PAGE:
Why Mentoring Matters
Why Mentoring Programs Matter
Take a moment to think back to a time when you were mentored by someone. Was it in a school setting or work environment? Were sports involved? Was the mentoring relationship beneficial for you? What things would you change about it? Mentors can come in all different forms: mentors can be professors, coaches, colleagues, parents, etc. Mentors are individuals who take the time and effort to teach trainees skills in order to help them progress to the next level of their chosen field. Mentors can be informal or formal. Informal mentors are those who may choose to help teach someone in a less official capacity, the outcomes are unknown, and organizations can benefit indirectly. Formal mentors may be paired with a trainee by an organization, the outcomes are measured, and the organization benefits directly. Mentoring may also be more important than ever for organizations themselves, since linking up a mature mentor with a promising protégé is an excellent way to keep valued up-and-comers from jumping ship and taking jobs elsewhere (Workplace Loyalties Change, but the Value of Mentoring Doesn’t – Knowledge@Wharton, 2007).
Who Uses Mentoring Programs?
Mentoring programs are being implemented in many environments and, more recently, an increase of mentoring programs have been integrated into the corporate world. It is a common occurrence for employees of a company to wear many hats and have divided responsibilities. By implementing a mentorship program, employees are able to focus on what they highly value and then train and teach others unique skills in the given field. Fortune 500 companies view mentoring as an important employee development tool, with 71% having mentoring programs. In October 2006, Sun Microsystems, a technology company based in Santa Clara, CA, released the results of a study that explored the value of mentoring. The study found that 25% of employees in a test group who took part in the company’s mentoring program had a salary grade change, compared with 5% of employees in a control group who did not participate in the program (Workplace Loyalties Change, but the Value of Mentoring Doesn’t – Knowledge@Wharton, 2007).
Who Benefits from Mentoring?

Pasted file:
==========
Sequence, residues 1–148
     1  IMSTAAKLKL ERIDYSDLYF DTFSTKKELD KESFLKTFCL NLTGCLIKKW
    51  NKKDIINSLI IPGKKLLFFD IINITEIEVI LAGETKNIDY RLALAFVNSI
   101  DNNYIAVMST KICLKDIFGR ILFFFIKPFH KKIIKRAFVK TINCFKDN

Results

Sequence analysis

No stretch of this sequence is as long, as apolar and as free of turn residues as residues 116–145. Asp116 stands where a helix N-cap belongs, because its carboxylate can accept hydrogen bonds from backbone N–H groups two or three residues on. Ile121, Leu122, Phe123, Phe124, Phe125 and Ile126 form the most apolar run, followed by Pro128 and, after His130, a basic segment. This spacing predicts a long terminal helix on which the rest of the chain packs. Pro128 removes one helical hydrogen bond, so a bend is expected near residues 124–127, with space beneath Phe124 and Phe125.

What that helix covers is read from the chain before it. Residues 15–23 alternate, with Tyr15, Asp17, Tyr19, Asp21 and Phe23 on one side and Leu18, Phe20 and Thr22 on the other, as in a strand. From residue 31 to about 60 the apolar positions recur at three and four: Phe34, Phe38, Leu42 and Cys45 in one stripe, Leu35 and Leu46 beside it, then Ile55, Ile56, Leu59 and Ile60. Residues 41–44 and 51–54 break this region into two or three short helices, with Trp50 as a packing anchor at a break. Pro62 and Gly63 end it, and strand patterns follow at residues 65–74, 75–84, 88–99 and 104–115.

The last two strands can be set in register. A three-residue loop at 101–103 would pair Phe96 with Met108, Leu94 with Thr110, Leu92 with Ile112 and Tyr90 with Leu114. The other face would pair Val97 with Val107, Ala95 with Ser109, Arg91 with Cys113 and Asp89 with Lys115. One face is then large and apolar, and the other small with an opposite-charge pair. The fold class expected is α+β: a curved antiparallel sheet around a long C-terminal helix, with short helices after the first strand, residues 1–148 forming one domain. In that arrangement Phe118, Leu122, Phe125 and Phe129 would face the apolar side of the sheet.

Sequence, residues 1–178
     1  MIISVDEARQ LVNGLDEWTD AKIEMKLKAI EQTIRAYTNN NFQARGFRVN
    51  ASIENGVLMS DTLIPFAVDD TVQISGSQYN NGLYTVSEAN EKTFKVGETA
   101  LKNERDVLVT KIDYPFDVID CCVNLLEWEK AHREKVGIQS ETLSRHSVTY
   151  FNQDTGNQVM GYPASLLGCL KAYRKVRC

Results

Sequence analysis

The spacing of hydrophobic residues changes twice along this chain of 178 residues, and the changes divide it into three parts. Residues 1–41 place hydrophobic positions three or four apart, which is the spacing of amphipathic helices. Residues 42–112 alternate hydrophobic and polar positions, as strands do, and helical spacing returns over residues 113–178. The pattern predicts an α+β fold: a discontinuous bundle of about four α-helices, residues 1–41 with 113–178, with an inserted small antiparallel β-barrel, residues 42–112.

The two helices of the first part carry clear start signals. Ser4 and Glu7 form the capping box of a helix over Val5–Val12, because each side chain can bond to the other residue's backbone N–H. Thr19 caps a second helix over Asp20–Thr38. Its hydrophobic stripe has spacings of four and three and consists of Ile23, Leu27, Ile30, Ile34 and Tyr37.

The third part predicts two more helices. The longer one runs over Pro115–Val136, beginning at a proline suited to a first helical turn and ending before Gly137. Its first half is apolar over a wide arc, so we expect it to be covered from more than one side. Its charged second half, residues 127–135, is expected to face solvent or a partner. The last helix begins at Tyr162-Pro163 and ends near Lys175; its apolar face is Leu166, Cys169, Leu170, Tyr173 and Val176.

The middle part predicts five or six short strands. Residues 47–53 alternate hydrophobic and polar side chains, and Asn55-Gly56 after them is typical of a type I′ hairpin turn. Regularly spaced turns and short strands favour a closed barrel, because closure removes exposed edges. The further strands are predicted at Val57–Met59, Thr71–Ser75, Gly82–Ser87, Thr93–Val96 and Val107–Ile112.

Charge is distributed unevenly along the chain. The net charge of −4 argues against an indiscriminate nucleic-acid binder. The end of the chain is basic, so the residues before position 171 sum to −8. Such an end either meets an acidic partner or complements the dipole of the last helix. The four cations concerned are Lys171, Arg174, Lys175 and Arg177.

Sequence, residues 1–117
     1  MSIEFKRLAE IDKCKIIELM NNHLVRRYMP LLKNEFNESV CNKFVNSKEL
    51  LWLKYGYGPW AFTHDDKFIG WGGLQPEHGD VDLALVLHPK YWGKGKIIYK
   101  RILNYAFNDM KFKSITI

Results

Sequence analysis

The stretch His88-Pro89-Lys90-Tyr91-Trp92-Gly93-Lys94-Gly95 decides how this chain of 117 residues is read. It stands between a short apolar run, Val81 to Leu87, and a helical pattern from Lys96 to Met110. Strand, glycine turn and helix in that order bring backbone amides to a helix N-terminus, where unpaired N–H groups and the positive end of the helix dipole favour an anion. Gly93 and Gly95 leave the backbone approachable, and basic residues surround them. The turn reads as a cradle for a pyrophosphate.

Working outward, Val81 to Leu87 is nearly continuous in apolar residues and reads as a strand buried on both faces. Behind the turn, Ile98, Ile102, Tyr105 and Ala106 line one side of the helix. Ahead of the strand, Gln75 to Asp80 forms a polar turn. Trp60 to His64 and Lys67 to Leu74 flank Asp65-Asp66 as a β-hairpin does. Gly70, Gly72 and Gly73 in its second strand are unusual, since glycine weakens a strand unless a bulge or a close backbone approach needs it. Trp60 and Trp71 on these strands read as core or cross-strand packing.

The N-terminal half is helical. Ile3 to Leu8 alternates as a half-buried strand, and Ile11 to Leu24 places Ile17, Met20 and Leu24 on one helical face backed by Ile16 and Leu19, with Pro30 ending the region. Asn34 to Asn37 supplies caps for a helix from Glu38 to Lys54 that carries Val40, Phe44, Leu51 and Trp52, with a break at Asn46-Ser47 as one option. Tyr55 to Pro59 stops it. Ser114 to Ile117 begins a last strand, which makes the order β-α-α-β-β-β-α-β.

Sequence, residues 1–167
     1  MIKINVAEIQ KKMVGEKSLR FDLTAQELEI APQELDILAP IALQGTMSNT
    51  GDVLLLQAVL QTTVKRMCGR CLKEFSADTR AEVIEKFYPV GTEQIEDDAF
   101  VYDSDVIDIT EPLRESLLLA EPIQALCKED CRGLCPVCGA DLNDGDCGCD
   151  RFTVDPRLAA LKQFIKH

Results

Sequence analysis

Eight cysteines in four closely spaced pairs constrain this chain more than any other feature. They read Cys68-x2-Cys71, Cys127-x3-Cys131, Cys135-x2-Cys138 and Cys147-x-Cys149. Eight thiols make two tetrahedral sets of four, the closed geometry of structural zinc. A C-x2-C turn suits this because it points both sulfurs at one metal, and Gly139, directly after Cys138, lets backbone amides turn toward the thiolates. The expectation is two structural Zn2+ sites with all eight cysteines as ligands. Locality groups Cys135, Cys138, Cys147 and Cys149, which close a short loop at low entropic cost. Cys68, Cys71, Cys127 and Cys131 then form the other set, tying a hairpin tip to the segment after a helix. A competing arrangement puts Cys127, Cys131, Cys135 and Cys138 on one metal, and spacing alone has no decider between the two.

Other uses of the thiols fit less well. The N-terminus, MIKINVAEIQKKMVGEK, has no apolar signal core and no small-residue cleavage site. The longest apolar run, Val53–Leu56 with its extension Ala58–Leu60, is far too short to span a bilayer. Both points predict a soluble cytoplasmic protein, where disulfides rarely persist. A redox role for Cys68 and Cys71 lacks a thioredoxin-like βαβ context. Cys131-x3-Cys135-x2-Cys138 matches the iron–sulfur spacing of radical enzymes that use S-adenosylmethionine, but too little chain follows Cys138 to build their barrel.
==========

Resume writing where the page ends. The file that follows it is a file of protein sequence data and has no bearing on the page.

Mentees are the primary beneficiaries of learning from an experienced mentor. However, there are others who benefit from mentoring as well. For example, many mentors find personal fulfillment from sharing their experiences and helping others in their mentoring relationships. A mentoring initiative can not only lead to higher retention but can also attract new talent by demonstrating a company’s commitment to professional development through mentoring. Mentoring also offers benefits to organizations themselves. For example, firms enjoy increased employee engagement and productivity. A positive mentoring relationship can go a long way to helping a firm retain its best employees.
10 Tips for Starting a Successful Mentoring Program
Sherry Tiao, a talent and career developer at Chronus, details 10 key tips for starting a successful mentoring program:
- Define your objectives and secure leadership support.
- Find a strong, passionate program manager.
- Build flexibility into the program.
- Put your marketing hat on.
- Think win-win.
- Prepare participants for success.
- Embrace the role of matchmaker.
- Track, measure, listen, and tune.
- Bring closure to individual mentoring connections.
- Broadcast successes.
By: Jordan Collins, M.S.
Tiao, S., & Tiao, S. 10 Tips to Start a Business School Mentoring Program | Chronus. Retrieved from https://chronus.com/blog/10-tips-starting-business-school-mentoring-program.
Workplace Loyalties Change, but the Value of Mentoring Doesn’t – Knowledge@Wharton. (2007). Retrieved from http://knowledge.wharton.upenn.edu/article/workplace-loyalties-change-but-the-value-of-mentoring-doesnt/.